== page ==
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OCFA Academy 41

By OCFA
 December 2015




OCFA Academy 41 graduated 38 new career firefighters who were welcomed to the Fire Authority on December 9.

The firefighters completed an intense 16-week course that tested both their mental and physical abilities. Take a look at some of the recruits of Academy 41 in action. Graduation photos are available here.



 


OC Holiday Safety

By OCFA
 December 2015




OCFA has launched its holiday and winter safety campaign.

If you haven’t done so already, please be sure to like/follow/visit the OCFA Facebook, Twitter, and Instagram pages and our AlertOC Community Education page.

#OCHolidaySafety



 


Open House 2015

By OCFA
 September 2015




The Orange County Fire Authority RFOTC will be hosting Open House on Saturday, October 24. RFOTC Open House time is from 10 a.m. - 3 p.m.

Open House attendees are encouraged to park at the Salvation Army lot at 10200 Pioneer Road. Shuttle service from the lot to OCFA will be offered from 10 a.m. to 3:15 p.m.

  View RFOTC Open House Flier
 


 


Public Fireworks Display 2015

By OCFA
 July 2015




The Orange County Fire Authority encourages residents throughout Orange County to celebrate the July 4th holiday by attending one of the many spectacular public fireworks displays staged by professionals.

As a public service, the Orange County Fire Authority has compiled a list of community fireworks displays scheduled for July 4,2015. Please view the flier below to learn more about firework displays in Orange County. You can also call (714) 573-6200 for more information.

  View Public Displays List

Learn more about fireworks safety.

  View Public Safety Flier
 


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Smoke Alarms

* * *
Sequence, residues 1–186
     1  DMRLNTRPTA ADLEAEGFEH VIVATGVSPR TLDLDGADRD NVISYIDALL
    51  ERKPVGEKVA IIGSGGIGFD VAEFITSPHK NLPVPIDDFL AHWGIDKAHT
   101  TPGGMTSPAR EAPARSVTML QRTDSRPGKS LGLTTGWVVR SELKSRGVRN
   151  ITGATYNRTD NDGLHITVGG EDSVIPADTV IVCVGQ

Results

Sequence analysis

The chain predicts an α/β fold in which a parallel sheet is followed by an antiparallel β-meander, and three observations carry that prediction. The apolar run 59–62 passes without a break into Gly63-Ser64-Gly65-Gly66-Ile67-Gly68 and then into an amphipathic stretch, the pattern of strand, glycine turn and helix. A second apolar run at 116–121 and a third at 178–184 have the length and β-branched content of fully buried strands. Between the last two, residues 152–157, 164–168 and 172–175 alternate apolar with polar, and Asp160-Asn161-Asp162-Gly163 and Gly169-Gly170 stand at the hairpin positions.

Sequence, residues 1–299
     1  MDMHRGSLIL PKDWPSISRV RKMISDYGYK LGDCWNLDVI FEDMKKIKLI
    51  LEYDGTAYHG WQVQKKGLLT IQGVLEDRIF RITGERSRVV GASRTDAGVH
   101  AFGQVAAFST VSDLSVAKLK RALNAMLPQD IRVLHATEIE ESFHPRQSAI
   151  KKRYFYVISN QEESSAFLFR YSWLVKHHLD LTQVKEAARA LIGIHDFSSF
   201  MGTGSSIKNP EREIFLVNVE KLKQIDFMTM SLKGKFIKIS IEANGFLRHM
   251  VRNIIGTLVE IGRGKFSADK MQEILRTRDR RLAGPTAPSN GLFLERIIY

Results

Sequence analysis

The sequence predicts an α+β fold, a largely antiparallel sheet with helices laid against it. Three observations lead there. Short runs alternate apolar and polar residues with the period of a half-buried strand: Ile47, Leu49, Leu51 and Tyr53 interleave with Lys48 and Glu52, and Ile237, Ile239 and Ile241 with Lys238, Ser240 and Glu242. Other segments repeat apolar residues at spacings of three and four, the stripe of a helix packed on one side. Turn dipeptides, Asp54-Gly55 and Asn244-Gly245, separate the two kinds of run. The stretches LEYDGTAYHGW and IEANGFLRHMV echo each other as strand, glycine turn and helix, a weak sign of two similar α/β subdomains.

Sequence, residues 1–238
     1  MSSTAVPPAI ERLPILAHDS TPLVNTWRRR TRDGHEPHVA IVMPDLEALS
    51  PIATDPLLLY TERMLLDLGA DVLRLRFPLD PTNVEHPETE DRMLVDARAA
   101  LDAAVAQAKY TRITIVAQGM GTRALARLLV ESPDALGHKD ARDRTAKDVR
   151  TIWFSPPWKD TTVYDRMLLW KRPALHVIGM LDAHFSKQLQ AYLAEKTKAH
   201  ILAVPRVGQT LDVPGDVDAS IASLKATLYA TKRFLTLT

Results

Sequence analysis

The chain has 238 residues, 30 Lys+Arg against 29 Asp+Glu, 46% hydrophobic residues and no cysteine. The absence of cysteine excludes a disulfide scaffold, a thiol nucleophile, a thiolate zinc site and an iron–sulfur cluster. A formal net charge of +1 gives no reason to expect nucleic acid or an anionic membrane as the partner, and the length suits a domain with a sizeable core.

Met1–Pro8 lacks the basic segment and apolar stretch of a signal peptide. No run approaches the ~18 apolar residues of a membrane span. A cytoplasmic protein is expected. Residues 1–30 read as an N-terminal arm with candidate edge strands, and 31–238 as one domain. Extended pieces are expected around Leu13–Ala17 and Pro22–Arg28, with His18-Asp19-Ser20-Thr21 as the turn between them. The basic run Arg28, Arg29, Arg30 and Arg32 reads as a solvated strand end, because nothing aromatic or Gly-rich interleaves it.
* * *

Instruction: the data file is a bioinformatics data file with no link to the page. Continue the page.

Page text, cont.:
By OCFA
 March 2015

 
Smoke alarms save lives. Almost two-thirds of all home fire deaths occur in homes with no smoke alarm or no working smoke alarm. In an effort to prevent these needless tragedies, the Orange County Fire Authority's Smoke Alarm Program highlights the following life-saving strategies:
 
Install
  • Smoke alarms should be installed on every level of your home, in every sleeping area, and in the hallway leading to every sleeping area.
  • Install smoke alarms according to manufacturer's recommendations. A licensed electrician should install hardwired smoke alarms.
  • Interconnect all battery powered (wireless) and hardwired smoke alarms. If one alarm sounds, they all sound.
  • Replace smoke alarms every 10 years.
Inspect
  • Test smoke alarms every month.
  • Replace 9‐Volt or hardwired smoke alarm batteries every 6 months. Lithium batteries last 8-10 years and do not need to be changed.
  • Replace the battery right away if an alarm "chirps", warning the battery is low.
  • Clean smoke alarms at least once a year.
Protect
  • Develop a Home Escape Plan showing 2 ways out of every room and an outside meeting place. Practice home fire drills at least twice a year.
  • If the smoke alarm sounds, crawl low where the air is cleaner and cooler and evacuate as quickly as possible.
  • Once you're out, go immediately to your outside meeting place. Call 911 from outside the home. Never go back inside a burning building for any reason.

Photoelectric vs. Ionization

In general, photoelectric smoke alarms are more effective during smoldering fires and ionization smoke alarms are more effective during flaming fires. Both types must pass the same test to be certified as UL smoke alarms.

Having Both is Best

It's impossible to predict what type of fire you may have in your home. Studies by the National Fire Protection Association (NFPA) show that no matter what type of fire occurs, photoelectric and ionization smoke alarms will both activate fast enough to give you time to escape. For best protection, the NFPA recommends having both smoke alarm types in your home. Combination alarms using both smoke detection technologies are also available.

Reduce Nuisance Alarms